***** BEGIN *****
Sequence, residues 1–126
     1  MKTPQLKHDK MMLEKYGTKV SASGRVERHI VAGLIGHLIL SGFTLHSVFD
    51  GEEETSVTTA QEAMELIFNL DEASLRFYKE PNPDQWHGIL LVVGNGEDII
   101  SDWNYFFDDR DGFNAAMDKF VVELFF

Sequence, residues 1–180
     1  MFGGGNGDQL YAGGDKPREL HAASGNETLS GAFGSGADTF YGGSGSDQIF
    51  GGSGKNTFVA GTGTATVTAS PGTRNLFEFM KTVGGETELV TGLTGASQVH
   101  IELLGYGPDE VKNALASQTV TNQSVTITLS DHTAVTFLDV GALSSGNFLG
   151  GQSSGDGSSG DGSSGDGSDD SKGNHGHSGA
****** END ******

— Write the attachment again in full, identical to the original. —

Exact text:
Sequence, residues 1–126
     1  MKTPQLKHDK MMLEKYGTKV SASGRVERHI VAGLIGHLIL SGFTLHSVFD
    51  GEEETSVTTA QEAMELIFNL DEASLRFYKE PNPDQWHGIL LVVGNGEDII
   101  SDWNYFFDDR DGFNAAMDKF VVELFF

Sequence, residues 1–180
     1  MFGGGNGDQL YAGGDKPREL HAASGNETLS GAFGSGADTF YGGSGSDQIF
    51  GGSGKNTFVA GTGTATVTAS PGTRNLFEFM KTVGGETELV TGLTGASQVH
   101  IELLGYGPDE VKNALASQTV TNQSVTITLS DHTAVTFLDV GALSSGNFLG
   151  GQSSGDGSSG DGSSGDGSDD SKGNHGHSGA